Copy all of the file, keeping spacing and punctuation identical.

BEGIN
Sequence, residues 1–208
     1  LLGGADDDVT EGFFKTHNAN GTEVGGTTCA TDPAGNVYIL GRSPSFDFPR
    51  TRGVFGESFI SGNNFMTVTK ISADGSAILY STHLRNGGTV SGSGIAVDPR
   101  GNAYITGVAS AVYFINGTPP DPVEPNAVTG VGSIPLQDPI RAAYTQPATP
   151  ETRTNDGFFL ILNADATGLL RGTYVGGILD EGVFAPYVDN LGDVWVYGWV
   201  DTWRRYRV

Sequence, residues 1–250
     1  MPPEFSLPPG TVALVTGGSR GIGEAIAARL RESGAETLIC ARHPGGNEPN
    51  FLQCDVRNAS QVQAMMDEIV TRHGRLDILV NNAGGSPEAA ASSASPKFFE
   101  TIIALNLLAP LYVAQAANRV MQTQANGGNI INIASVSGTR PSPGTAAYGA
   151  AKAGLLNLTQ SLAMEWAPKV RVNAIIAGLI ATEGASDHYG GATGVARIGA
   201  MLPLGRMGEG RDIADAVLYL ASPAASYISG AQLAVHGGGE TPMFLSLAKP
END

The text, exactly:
Sequence, residues 1–208
     1  LLGGADDDVT EGFFKTHNAN GTEVGGTTCA TDPAGNVYIL GRSPSFDFPR
    51  TRGVFGESFI SGNNFMTVTK ISADGSAILY STHLRNGGTV SGSGIAVDPR
   101  GNAYITGVAS AVYFINGTPP DPVEPNAVTG VGSIPLQDPI RAAYTQPATP
   151  ETRTNDGFFL ILNADATGLL RGTYVGGILD EGVFAPYVDN LGDVWVYGWV
   201  DTWRRYRV

Sequence, residues 1–250
     1  MPPEFSLPPG TVALVTGGSR GIGEAIAARL RESGAETLIC ARHPGGNEPN
    51  FLQCDVRNAS QVQAMMDEIV TRHGRLDILV NNAGGSPEAA ASSASPKFFE
   101  TIIALNLLAP LYVAQAANRV MQTQANGGNI INIASVSGTR PSPGTAAYGA
   151  AKAGLLNLTQ SLAMEWAPKV RVNAIIAGLI ATEGASDHYG GATGVARIGA
   201  MLPLGRMGEG RDIADAVLYL ASPAASYISG AQLAVHGGGE TPMFLSLAKP